After following a long course, and flowing through Khorram Shahr and Abadan, it ultimately reaches the Persian Gulf. In this river shipping is possible and the surrounding area is furthermore an interesting sight.
Back to top 
Jarahi River, Behbahan
The Jarahi River flows through the townships of Kohkiluyeh va Boyer Ahmad, BehbahanRamhormoz and Mah Shahr. It originates from the mountains of Rah Barik, Sefid and Golgilak, 53 km. northwest of Yasooj. After following a long course, and joining to various rivers, under the name of Maroon, enters the township of Behbahan and then Agajari village.
This river after crossing south of the Ramhormoz Township and Ramsheer city, with the name of the Jarahi River, enters the township of Mah Shahr and finally flows into the Persian Gulf.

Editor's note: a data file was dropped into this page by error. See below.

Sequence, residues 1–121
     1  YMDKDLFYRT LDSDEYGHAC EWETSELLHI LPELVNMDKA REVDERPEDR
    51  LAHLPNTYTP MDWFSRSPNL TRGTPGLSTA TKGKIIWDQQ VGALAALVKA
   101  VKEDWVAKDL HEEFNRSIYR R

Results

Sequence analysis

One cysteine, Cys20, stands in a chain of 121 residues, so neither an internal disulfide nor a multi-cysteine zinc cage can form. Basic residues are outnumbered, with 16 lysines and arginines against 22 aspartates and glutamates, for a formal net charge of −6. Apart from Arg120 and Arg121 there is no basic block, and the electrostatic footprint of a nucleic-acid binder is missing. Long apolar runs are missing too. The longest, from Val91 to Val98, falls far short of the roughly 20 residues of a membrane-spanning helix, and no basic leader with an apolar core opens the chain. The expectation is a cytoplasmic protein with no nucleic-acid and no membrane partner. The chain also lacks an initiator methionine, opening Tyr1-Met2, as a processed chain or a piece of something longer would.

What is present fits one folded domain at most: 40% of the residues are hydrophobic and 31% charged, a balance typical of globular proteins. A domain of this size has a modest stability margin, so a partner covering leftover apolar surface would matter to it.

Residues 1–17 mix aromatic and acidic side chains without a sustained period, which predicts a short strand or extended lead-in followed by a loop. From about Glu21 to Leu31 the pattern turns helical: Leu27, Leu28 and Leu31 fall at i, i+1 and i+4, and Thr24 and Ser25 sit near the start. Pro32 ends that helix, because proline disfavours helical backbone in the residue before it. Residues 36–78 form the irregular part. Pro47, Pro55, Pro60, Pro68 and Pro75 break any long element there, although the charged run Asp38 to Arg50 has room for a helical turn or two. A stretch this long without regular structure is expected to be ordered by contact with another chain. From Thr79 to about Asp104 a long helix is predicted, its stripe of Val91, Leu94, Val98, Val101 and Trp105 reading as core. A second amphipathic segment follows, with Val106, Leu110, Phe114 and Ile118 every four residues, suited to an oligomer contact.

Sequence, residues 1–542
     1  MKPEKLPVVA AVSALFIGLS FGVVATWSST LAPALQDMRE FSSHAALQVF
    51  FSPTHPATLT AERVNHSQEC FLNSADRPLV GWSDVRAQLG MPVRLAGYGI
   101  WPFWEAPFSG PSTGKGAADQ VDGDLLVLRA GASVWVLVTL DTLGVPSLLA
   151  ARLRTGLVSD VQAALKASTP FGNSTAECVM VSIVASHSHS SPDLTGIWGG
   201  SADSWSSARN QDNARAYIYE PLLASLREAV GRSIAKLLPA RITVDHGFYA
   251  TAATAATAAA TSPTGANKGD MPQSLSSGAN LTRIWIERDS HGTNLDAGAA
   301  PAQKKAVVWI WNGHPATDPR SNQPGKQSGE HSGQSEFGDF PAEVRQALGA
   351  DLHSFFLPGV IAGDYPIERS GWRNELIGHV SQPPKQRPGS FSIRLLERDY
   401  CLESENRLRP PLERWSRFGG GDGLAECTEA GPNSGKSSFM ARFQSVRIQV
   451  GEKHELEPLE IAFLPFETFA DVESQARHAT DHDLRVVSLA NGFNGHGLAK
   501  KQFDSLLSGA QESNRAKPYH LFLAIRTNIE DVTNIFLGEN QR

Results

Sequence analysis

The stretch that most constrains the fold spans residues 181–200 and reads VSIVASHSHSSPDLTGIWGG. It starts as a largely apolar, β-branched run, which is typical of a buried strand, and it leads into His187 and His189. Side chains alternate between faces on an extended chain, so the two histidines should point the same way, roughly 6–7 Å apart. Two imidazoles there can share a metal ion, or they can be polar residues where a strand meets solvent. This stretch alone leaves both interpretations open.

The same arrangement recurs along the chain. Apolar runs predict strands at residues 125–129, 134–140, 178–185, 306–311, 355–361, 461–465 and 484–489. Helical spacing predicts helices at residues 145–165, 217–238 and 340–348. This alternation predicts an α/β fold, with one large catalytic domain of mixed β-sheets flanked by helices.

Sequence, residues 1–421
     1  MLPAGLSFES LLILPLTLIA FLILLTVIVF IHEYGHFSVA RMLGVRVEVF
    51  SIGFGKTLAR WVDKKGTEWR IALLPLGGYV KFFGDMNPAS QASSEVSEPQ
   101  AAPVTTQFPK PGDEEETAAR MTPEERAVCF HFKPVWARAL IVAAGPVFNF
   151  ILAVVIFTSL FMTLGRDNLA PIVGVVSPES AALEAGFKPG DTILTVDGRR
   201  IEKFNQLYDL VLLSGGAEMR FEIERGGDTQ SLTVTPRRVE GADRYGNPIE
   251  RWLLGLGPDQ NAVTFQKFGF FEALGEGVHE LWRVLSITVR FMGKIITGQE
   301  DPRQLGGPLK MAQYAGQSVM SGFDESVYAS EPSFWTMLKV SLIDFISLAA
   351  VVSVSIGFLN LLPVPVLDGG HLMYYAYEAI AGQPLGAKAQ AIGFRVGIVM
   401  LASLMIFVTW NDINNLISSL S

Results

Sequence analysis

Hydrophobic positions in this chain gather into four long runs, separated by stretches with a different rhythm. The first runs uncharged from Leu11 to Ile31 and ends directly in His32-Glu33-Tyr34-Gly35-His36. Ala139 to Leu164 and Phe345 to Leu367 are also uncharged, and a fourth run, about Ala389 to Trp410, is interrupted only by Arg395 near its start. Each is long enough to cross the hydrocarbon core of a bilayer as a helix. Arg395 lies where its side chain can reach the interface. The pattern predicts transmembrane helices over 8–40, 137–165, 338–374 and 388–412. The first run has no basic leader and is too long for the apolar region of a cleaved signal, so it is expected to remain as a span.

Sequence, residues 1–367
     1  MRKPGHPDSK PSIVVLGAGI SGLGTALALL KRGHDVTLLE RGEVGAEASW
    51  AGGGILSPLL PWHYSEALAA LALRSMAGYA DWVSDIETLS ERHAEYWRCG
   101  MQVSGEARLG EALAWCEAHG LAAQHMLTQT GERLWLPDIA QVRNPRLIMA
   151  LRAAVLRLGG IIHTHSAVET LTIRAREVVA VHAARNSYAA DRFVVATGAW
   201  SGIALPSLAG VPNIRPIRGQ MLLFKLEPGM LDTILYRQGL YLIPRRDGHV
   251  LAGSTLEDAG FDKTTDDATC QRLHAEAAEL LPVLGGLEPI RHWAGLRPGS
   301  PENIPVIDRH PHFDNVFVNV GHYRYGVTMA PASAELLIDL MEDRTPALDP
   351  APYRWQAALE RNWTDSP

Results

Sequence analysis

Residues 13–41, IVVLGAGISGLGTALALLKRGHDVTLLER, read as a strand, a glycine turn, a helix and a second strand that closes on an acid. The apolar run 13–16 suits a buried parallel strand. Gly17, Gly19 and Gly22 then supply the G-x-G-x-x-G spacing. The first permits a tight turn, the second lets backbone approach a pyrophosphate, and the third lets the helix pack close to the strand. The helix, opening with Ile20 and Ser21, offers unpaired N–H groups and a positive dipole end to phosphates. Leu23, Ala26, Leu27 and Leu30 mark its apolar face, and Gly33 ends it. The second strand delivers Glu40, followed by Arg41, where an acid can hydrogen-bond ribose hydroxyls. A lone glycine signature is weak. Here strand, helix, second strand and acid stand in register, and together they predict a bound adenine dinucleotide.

Back to top 
Karkheh River, Khuzestan
The Karkheh River, is the third widest river in Iran after the Karoon and Sefid Rood Rivers. It originates from watersheds of southeast Kermanshah, and after flowing a long distance and adjoining other tributaries under the name of “Qarah Soo” River along its course intermingles with “Tang Kenesht” and “Gamasiyab” Rivers, and gushing through the valley between “Galleh” and “Kooh Sefid” Mountains in the west, flows towards the south. At this point, it joins the “Gashani” River, and forms Seimareh River.
Seimareh River enters Khorram Abad after flowing a long distance and adjoining various rivers. The Seimareh River crosses the “Shir Qoreh”, “Howl”,”Qal’eh Sam” and “Papeleh” Mountains and enters the Province of Ilam. Over here at first it adjoins the “Chardavol” River and after crossing a narrow and zigzag valley of “Kooh Gavar” and “Lareh” Mountains, diverts towards the south. Thereafter, it passes by many rural areas, and after adjoining a number of rivers, it intermingles with the Ab-e-Fath River. Through the territory of “Qallah Sooreh” gains access to the Sorkheh village in the township of Dezful. On crossing the “Sorkheh-e-Naderi”, it enters a wide area, and a branch of it under the name of “Shavoor” segregates and flows towards the city of Shoosh.